“I couldn’t get out of MA marking mode,” said my colleague form Australia. “I was trying to read The Da Vinci Code on the plane. I was so disappointed. I would have failed it.”
Just sour grapes, I thought. She’s jealous. Because with the sort of money that book brings in she could afford to do what the heck she liked the rest of the time. It can’t be that bad, can it?
A couple of years later I read it.
What a disappointment indeed. Where was all that promising intrigue about Jesus Christ and Mary Magdalene producing a family? All exposed in a short fast-paced episode when unbelievably the detective involved in the case is one of the “sang royal”. Oh come on, if my undergraduates constructed something like that they’d get exclamation marks all over their scripts. Never mind failing an MA.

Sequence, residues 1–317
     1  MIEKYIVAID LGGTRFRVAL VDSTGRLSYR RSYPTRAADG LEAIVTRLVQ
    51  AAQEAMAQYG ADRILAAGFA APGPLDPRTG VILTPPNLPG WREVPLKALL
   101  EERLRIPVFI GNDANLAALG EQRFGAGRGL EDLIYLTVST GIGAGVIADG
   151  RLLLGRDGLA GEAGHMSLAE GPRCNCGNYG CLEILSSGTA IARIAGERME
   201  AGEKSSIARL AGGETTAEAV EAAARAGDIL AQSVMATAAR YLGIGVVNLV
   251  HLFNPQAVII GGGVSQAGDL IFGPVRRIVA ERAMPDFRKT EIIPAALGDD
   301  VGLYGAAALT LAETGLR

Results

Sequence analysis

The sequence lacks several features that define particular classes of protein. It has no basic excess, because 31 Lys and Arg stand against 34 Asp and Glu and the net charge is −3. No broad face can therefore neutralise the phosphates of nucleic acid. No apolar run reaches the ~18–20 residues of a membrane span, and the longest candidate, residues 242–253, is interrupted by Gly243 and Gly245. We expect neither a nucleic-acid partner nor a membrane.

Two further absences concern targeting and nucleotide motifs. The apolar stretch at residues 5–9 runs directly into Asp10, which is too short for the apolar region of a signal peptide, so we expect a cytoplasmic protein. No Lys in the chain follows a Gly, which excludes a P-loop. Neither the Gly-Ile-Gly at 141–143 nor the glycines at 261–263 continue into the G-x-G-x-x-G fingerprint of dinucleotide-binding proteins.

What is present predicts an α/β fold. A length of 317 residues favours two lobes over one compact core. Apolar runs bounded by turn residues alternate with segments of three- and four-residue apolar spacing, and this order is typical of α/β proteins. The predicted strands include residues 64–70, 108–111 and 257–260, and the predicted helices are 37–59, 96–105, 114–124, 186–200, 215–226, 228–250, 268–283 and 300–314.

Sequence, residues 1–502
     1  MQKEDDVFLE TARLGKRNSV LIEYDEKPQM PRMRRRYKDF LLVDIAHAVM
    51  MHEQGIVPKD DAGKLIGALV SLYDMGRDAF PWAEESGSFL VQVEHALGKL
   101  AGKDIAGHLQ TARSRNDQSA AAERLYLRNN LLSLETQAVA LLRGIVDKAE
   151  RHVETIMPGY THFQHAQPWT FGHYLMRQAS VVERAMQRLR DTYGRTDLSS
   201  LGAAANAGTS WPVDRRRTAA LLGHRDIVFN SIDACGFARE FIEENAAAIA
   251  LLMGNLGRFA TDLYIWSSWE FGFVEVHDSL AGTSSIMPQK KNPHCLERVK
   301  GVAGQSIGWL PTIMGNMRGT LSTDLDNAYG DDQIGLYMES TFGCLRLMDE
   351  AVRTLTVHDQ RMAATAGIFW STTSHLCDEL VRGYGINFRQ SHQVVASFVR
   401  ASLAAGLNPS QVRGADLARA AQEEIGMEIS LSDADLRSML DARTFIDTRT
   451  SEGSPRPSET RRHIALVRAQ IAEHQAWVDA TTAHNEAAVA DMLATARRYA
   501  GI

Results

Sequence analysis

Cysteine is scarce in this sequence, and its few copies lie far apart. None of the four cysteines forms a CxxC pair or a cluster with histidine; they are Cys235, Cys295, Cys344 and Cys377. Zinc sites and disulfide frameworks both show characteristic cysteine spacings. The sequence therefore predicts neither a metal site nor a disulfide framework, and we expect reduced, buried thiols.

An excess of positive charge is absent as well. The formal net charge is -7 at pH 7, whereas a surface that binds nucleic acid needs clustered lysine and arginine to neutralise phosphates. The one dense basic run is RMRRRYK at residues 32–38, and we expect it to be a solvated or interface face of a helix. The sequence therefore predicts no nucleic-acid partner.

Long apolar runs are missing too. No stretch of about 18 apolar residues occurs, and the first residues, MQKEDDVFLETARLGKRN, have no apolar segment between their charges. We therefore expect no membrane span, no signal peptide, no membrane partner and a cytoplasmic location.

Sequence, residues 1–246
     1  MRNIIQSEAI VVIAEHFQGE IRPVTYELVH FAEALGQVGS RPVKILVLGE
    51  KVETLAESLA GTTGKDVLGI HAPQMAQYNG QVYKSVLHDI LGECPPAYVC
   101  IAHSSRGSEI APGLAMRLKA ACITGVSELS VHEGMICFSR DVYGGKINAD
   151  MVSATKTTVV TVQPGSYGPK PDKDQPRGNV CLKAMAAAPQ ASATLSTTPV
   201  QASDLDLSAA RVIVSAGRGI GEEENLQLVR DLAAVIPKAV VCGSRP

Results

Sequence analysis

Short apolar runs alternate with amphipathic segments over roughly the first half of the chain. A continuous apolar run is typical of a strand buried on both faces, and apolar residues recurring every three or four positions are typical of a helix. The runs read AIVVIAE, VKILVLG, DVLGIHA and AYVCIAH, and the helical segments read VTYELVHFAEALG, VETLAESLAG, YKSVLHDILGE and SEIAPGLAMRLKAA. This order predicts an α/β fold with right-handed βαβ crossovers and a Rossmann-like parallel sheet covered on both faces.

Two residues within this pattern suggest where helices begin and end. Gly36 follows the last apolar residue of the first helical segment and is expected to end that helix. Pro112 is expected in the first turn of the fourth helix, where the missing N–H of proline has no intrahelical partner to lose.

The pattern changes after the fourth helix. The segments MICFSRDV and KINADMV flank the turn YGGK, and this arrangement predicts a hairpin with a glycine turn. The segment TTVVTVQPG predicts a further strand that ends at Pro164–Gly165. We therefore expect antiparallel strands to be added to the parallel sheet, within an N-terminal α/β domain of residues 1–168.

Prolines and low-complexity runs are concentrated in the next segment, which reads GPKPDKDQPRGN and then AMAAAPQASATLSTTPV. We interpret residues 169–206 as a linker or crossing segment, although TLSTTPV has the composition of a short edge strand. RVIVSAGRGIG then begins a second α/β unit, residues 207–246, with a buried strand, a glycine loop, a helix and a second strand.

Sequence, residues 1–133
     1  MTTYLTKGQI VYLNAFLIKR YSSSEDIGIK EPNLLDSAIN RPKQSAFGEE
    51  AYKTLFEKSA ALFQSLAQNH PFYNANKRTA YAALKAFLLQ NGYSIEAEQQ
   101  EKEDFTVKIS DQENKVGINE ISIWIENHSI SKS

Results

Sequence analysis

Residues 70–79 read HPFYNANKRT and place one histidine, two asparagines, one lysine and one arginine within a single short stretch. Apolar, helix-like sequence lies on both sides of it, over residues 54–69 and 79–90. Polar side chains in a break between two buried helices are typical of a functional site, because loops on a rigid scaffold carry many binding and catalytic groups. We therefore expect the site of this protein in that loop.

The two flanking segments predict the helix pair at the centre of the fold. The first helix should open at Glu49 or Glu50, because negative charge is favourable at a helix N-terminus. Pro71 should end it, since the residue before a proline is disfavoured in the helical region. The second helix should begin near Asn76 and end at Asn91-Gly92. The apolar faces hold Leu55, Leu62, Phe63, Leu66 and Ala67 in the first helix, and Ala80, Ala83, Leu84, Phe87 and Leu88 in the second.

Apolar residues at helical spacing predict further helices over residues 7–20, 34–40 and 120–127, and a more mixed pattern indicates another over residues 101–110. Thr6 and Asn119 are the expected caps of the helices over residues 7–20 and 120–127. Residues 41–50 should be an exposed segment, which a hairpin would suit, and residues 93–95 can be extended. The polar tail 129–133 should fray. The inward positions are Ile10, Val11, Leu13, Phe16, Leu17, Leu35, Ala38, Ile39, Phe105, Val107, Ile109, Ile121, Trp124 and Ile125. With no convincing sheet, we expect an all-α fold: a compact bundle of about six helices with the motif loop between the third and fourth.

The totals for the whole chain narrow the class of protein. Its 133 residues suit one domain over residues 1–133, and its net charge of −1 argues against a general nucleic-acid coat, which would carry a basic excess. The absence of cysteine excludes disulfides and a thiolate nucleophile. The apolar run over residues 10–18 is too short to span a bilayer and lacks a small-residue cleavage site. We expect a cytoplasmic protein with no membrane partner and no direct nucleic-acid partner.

“It gets worse,” said another colleague. “The first one’s not so bad.”
“Isn’t it?” I say.
“The first is bearable,” she says. “But after that, it’s the same old story over and over. When you’ve read one, you’ve read them all.”
But he must be doing something right, mustn’t he?
Well, yes, he is and actually I wouldn’t fail him on a BA assignment. I’d give him 58. A strong 2.2. His plots are well worked out even if they’re infuriatingly formulaic and improbable. He handles dialogue well even if it’s often trite. His characters are consistent even if not well drawn and believable. He has control over his writing – or he’s well edited - because he doesn’t have the lack of consistency and lack of grammatical accuracy that so often spoils the work of our otherwise talented students. But oh my, their work is so much more exciting, so much more convincing most of the time.
So when it comes to assessing my students’ work I ask myself –“Better or worse than Dan Brown?” Of course, there are other components to mark than just the wonderfully innovative but often quite raw piece of creative writing, so sometimes our students arrive at even less that Dan by another route.
Nevertheless, he’s a useful benchmark
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